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Money talks

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Author Info

  • Hoerova, Marie
  • Monnet, Cyril
  • Temzelides, Ted

Abstract

We study credible information transmission by a benevolent short-lived central bank. When externalities create a wedge between private and social welfare, the central bank has an incentive to misreport its information. Information transmission through monetary policy creates a distortion, thus, lending credibility.

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Bibliographic Info

Article provided by Elsevier in its journal Economics Letters.

Volume (Year): 116 (2012)
Issue (Month): 3 ()
Pages: 617-621

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Handle: RePEc:eee:ecolet:v:116:y:2012:i:3:p:617-621

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Web page: http://www.elsevier.com/locate/ecolet

Related research

Keywords: Information; Interest rates; Monetary policy;

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References

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  1. David Backus & John Driffill, 1984. "Inflation and Reputation," Working Papers 560, Queen's University, Department of Economics.
  2. George-Marios Angeletos & Alessandro Pavan, 2004. "Transparency of Information and Coordination in Economies with Investment Complementarities," NBER Working Papers 10391, National Bureau of Economic Research, Inc.
  3. Robert J. Barro & David B. Gordon, 1981. "A Positive Theory of Monetary Policy in a Natural-Rate Model," NBER Working Papers 0807, National Bureau of Economic Research, Inc.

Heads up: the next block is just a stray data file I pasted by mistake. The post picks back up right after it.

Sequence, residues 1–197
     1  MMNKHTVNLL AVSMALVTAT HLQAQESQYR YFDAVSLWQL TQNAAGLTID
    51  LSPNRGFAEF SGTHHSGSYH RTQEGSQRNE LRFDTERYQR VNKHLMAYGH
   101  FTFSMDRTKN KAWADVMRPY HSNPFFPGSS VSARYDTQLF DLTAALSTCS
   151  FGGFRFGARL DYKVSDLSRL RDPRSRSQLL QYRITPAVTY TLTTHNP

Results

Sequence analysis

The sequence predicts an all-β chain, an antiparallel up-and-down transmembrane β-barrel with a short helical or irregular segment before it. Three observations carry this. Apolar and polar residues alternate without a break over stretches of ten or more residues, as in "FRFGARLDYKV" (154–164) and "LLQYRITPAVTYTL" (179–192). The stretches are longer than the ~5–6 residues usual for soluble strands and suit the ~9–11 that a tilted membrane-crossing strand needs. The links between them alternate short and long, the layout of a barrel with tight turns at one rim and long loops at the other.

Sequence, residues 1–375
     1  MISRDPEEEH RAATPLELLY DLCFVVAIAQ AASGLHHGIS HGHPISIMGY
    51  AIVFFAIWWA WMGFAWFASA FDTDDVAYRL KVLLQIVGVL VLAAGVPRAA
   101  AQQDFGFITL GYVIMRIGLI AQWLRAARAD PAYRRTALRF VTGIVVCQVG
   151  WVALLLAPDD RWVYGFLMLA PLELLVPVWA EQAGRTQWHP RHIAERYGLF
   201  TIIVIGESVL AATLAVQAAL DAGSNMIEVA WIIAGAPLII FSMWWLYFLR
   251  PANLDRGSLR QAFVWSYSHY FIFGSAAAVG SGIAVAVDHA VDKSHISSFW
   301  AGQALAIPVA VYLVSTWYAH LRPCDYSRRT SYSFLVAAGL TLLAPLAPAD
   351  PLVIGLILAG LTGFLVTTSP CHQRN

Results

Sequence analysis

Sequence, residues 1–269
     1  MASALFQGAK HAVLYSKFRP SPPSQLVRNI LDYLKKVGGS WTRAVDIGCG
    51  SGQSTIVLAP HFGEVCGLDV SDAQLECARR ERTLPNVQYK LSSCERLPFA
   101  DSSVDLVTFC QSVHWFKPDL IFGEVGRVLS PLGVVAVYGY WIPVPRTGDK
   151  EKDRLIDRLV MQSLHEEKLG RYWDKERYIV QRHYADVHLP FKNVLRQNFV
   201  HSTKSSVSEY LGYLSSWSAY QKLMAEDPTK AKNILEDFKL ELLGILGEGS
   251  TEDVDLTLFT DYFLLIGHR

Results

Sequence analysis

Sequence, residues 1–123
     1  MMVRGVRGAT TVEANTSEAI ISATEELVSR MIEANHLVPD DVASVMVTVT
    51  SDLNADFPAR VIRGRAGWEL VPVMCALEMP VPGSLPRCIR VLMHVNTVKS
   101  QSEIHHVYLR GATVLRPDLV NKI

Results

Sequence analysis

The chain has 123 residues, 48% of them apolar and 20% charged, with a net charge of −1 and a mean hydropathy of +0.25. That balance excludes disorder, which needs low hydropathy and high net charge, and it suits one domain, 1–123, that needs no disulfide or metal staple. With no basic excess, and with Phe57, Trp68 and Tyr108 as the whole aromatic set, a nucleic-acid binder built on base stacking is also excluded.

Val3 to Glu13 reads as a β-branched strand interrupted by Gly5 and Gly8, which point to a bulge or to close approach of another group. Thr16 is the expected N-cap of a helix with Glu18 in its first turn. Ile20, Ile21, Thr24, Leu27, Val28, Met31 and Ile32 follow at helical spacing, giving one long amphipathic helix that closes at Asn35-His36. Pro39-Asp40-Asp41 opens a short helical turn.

4. Alan S. Blinder & Michael Ehrmann & Marcel Fratzscher & Jakob De Haan & David-Jan Jansen, 2008. "Central Bank Communication and Monetary Policy: A Survey of Theory and Evidence," Working Papers 1038, Princeton University, Department of Economics, Center for Economic Policy Studies..
  5. Stephen Morris & Hyun Song Shin, 2002. "Social Value of Public Information," American Economic Review, American Economic Association, vol. 92(5), pages 1521-1534, December.
  6. Aleksander Berentsen & Cyril Monet, 2006. "Monetary Policy in a Channel System," IEW - Working Papers 295, Institute for Empirical Research in Economics - University of Zurich.
  7. George-Marios Angeletos & Christian Hellwig & Alessandro Pavan, 2005. "Signaling in a Global Game: Coordination and Policy Traps," Discussion Papers 1400, Northwestern University, Center for Mathematical Studies in Economics and Management Science.
  8. Ricardo Lagos & Randall Wright, 2005. "A Unified Framework for Monetary Theory and Policy Analysis," Journal of Political Economy, University of Chicago Press, vol. 113(3), pages 463-484, June.
  9. David M Kreps & Robert Wilson, 2003. "Sequential Equilibria," Levine's Working Paper Archive 618897000000000813, David K. Levine.
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Cited by:
  1. Paul Bloxham & Christopher Kent & Michael Robson, 2011. "Asset Prices, Credit Growth, Monetary and Other Policies: An Australian Case Study," NBER Working Papers 16845, National Bureau of Economic Research, Inc.
  2. Panzera, Fabio S., 2011. "Price stability and financial imbalances: rethinking the macrofinancial framework after the 2007-8 financial crisis," FSES Working Papers 423, Faculty of Economics and Social Sciences, University of Freiburg/Fribourg Switzerland.
  3. Julian A. Parra POlanía, 2012. "Transparency: can central banks commit to truthful communication?," Borradores de Economia 711, Banco de la Republica de Colombia.
  4. Alessi, Lucia & Detken, Carsten, 2011. "Quasi real time early warning indicators for costly asset price boom/bust cycles: A role for global liquidity," European Journal of Political Economy, Elsevier, vol. 27(3), pages 520-533, September.
  5. Eser, Fabian & Schwaab, Bernd, 2013. "Assessing asset purchases within the ECB’s securities markets programme," Working Paper Series 1587, European Central Bank.
  6. Otmar Issing, 2012. "Central Banks - Paradise Lost," IMES Discussion Paper Series 12-E-10, Institute for Monetary and Economic Studies, Bank of Japan.

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